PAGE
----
Keep in touch with your recommenders regularly, as it will serve as a gentle reminder of the deadline. It will also allow you to troubleshoot early on should your recommender get stuck on a
How to Make Sure Your Business School Rec Letters Are Great
Discuss Success Stories
Recommenders can be prone to ramble and sing your praises without providing examples. But business schools want concrete examples that demonstrate your qualities.
Including stories or personal anecdotes that highlight your emotional intelligence and leadership skills in your letters will strengthen them.
Luke Pena, the MBA Admissions Director of Stanford University GSB, notes that the best letters of recommendation “demonstrate passion and enthusiasm for your candidacy and your future success, and tell unforgettable stories about your ability and desire to make a difference in the world.”
So, sit down with your recommenders and discuss your experiences. Tell them what you have learned from your experiences and how they have shaped your actions and ambitions.
Make Your Letters Program-Specific
Business schools may favor your MBA recommendation letter if it demonstrates a familiarity with the unique assets of their MBA program. By doing this, you show off your research skills and demonstrate a serious interest in their program.
Indeed, Jim Parrish, the Director of MBA programs with the Harbert College of Business at Auburn University, writes that, “if I see the specific name of our program highlighted in the letter, it leads me to believe that the applicant has had a real conversation with the recommender about our program and this was not just a form letter for multiple applications.”
Letters of Recommendation Expected for Business Schools
Every business school has its expectations for your MBA letters of recommendation. This section contains a breakdown of what the top business schools expect to see in your letters.
One letter of recommendation should be written by a current or former supervisor, which they prefer to be done by your current supervisor. If your current supervisor cannot write a letter for you, Booth asks you to explain why in the optional essay.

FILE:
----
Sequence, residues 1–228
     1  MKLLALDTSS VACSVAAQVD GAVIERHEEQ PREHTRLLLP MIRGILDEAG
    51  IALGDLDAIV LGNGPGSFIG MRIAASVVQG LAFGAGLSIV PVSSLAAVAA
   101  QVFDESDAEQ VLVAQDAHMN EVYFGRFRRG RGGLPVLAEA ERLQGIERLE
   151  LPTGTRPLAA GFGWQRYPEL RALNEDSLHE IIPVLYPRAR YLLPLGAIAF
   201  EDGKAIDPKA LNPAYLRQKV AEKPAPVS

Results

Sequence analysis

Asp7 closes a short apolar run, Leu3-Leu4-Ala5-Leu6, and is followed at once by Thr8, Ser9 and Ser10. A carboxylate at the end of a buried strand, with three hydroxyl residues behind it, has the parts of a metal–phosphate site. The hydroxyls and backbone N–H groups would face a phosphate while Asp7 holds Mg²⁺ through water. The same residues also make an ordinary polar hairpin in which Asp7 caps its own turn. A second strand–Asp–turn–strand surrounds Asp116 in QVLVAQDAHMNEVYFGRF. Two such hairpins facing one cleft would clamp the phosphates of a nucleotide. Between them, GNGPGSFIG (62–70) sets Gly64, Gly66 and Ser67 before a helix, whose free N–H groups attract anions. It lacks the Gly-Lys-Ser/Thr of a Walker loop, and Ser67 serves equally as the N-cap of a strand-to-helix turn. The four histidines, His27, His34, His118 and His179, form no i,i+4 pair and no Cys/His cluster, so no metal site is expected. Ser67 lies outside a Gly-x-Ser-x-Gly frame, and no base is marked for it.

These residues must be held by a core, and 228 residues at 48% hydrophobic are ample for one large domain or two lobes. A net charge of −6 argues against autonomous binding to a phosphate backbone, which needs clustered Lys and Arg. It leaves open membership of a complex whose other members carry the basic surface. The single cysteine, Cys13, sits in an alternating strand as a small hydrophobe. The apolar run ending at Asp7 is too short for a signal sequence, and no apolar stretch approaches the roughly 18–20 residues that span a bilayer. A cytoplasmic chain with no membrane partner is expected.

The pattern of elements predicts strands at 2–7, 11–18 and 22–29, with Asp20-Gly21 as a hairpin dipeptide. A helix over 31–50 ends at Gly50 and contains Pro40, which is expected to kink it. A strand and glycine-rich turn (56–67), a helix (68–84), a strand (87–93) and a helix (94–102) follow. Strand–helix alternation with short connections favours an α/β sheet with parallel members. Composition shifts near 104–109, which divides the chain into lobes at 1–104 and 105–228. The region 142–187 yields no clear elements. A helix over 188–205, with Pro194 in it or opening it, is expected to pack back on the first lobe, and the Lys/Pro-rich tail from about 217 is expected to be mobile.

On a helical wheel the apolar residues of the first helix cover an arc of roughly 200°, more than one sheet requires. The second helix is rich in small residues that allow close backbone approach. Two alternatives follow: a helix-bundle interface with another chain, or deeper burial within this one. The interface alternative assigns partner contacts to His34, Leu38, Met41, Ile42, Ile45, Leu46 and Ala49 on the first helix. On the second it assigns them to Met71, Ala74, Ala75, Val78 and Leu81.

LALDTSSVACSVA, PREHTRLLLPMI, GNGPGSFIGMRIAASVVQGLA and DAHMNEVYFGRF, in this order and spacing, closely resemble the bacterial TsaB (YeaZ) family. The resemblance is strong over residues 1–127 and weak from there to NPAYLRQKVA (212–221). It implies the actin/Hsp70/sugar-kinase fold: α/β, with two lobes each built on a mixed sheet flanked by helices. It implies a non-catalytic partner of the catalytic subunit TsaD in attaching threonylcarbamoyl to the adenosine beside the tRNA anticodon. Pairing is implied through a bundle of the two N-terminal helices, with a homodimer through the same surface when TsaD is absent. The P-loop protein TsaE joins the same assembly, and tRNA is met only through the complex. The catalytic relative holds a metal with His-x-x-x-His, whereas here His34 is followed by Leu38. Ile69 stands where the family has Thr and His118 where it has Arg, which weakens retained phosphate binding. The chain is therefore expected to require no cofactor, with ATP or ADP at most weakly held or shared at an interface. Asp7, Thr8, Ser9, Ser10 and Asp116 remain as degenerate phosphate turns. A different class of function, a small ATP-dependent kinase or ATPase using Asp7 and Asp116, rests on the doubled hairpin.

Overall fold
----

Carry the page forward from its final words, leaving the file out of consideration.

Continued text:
Your second letter can be from an individual beyond your immediate work environment. Booth accepts anyone as long as they offer further insights from your first recommender. For instance, this can include people you worked with in a different organization, on a volunteer project, or during an extracurricular activity.
Booth will ask your recommenders to assess your competency in various skills. Your recommenders will then have to upload letters that answer the following questions or similar questions:
“How do the applicant's performance, potential, background, or personal qualities compare with those of other well-qualified individuals in similar roles? Please provide specific examples.
Please describe the most important piece of constructive feedback you have given the applicant. Please detail the circumstances and the applicant's response.”
It is important to note that Booth only accepts letters uploaded to their portal; faxed or mailed letters will not be accepted.
Columbia Business School
Columbia requires you to submit two letters of recommendation when applying to their full-time MBA program but only one if you apply to their Deferred Enrollment program.